Azaleas (Rhododendron hybrids, Zones 6–9) are traditionally a feature of spring gardens, but new breeding, notable in the Encore series, has created forms that bloom in the spring and then rebloom in late summer, so we get a bit of spring delicacy in the late summer.
Hardy hibiscus like this are hybrids of U.S. native species such as Hibiscus moscheutos (Zones 5–9) and Hibiscus coccineus (Zones 5–9), and they end the summer by producing truly enormous flowers. As with most hibiscus, each individual bloom only lasts one day, but they are produced in great abundance and make a dramatic statement in late summer.
New York ironweed is a towering native perennial, that, depending on the form and garden conditions, can reach as tall as 6 or 8 feet. The large clusters of small purple flowers are very attractive to many insects, including this beautiful swallowtail butterfly.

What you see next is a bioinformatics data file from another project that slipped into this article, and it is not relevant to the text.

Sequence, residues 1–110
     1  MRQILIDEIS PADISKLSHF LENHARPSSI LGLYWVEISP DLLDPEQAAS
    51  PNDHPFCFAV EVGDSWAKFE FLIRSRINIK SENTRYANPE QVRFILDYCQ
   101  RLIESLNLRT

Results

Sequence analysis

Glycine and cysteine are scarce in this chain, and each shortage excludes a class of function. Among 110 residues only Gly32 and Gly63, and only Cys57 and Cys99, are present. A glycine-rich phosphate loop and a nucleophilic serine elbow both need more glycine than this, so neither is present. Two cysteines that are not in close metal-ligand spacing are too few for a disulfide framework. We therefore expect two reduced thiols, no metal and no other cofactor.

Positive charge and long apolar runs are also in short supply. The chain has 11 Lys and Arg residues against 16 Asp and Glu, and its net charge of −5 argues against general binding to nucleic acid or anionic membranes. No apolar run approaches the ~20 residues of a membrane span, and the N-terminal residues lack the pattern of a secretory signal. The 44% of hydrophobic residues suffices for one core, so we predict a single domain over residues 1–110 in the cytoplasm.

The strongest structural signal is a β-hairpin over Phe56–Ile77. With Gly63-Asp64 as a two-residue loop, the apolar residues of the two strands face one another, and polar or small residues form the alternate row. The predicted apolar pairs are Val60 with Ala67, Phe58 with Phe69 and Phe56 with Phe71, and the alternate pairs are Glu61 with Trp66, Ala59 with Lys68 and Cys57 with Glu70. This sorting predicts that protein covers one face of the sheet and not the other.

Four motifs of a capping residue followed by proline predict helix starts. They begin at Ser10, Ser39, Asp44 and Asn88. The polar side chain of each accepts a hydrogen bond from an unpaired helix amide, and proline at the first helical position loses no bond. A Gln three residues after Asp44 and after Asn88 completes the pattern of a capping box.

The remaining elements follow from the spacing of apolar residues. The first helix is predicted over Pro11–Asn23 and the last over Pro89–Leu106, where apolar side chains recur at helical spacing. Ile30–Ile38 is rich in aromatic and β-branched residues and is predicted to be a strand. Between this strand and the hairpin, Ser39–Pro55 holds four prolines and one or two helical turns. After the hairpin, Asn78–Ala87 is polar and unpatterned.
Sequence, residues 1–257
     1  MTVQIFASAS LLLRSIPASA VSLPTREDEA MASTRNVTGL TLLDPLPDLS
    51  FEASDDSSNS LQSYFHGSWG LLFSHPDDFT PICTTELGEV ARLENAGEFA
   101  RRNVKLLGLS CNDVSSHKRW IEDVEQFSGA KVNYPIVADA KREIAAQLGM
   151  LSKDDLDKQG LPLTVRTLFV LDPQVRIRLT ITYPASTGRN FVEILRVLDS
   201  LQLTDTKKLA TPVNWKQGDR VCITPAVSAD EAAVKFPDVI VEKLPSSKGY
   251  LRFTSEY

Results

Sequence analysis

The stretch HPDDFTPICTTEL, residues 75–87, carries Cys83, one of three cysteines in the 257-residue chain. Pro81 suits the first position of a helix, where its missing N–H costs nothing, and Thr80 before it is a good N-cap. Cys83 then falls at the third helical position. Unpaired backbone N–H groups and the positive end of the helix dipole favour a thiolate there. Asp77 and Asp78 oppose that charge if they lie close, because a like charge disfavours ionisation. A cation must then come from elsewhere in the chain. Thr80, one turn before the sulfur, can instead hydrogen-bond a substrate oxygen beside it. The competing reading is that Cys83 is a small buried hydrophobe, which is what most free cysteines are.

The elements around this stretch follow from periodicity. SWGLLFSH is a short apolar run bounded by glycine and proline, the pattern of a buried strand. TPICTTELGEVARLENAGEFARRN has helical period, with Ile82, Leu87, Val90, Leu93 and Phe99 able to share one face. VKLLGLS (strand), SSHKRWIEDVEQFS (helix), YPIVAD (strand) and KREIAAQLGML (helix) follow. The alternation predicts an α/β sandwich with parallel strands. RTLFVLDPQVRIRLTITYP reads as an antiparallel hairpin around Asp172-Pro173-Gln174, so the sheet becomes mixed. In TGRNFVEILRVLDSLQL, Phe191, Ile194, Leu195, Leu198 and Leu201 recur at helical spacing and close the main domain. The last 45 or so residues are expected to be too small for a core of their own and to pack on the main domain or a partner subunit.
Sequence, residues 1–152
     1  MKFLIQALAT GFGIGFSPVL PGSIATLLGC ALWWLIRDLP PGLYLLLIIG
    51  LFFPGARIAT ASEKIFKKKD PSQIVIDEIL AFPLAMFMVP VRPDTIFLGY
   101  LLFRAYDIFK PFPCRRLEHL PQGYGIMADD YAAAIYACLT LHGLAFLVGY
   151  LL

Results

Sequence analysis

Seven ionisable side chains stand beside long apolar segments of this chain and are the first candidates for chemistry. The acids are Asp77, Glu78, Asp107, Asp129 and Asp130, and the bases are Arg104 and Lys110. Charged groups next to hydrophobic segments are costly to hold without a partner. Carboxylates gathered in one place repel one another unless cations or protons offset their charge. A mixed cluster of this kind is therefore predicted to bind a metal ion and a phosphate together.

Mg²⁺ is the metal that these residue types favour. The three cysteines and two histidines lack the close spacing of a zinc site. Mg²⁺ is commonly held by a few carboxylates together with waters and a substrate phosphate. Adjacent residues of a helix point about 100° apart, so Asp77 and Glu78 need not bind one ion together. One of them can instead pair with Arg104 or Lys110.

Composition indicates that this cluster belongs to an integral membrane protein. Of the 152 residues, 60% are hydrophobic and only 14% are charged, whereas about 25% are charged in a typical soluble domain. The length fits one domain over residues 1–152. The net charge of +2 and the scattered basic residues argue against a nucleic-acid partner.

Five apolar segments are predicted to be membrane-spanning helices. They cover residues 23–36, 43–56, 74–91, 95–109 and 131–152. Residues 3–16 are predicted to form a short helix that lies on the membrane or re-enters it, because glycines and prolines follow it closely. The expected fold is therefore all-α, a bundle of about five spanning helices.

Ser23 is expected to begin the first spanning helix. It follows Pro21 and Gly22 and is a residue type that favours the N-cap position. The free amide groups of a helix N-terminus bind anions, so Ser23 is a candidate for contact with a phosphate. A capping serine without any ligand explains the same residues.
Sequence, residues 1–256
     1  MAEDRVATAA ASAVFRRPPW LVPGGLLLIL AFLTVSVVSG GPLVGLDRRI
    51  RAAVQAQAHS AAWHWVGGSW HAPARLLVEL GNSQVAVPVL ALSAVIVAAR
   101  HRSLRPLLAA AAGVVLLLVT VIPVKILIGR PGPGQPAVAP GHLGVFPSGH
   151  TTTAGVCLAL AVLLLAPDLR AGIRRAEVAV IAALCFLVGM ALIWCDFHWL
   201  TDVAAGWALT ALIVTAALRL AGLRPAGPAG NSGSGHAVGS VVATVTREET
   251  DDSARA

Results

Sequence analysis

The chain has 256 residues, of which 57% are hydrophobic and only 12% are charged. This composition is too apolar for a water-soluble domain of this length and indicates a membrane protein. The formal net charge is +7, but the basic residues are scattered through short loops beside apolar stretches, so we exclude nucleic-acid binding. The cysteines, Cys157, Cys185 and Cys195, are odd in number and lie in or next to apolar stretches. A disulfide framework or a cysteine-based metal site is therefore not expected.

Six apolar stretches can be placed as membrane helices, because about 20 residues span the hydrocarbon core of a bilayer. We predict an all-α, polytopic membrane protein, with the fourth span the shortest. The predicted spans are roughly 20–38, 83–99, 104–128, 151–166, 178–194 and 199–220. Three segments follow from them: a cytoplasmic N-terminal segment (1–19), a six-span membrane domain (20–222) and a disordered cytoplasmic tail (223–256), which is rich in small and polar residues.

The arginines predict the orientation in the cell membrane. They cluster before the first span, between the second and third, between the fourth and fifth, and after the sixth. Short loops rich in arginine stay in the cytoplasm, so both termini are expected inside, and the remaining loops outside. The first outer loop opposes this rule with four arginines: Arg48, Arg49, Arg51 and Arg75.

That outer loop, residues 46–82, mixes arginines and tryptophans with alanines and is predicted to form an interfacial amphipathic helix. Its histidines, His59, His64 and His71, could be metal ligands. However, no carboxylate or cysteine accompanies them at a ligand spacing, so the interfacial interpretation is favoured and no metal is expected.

Seven-sons flower is a small tree that, unlike many trees, doesn’t bloom in spring but rather late summer. The big clusters of white flowers develop into pinkish seed heads that remain attractive a long time.
What says summer more than black-eyed Susans? So cheerful and vigorous!
Another classic end-of-summer bloom is Japanese anemone (Anemone hupehensis, Zones 4–8). It thrives in sun or partial shade and brings a great parade of delicate-looking pink flowers on vigorous plants. Some cultivars can spread a little aggressively, so choose small growing selections for small gardens.
Crocosmia is a genus of bulbs native to South Africa that have brilliant yellow, orange, or red flowers in summer. This looks like it might be the classic cultivar ‘Emily McKenzie’ (Zones 6–9).
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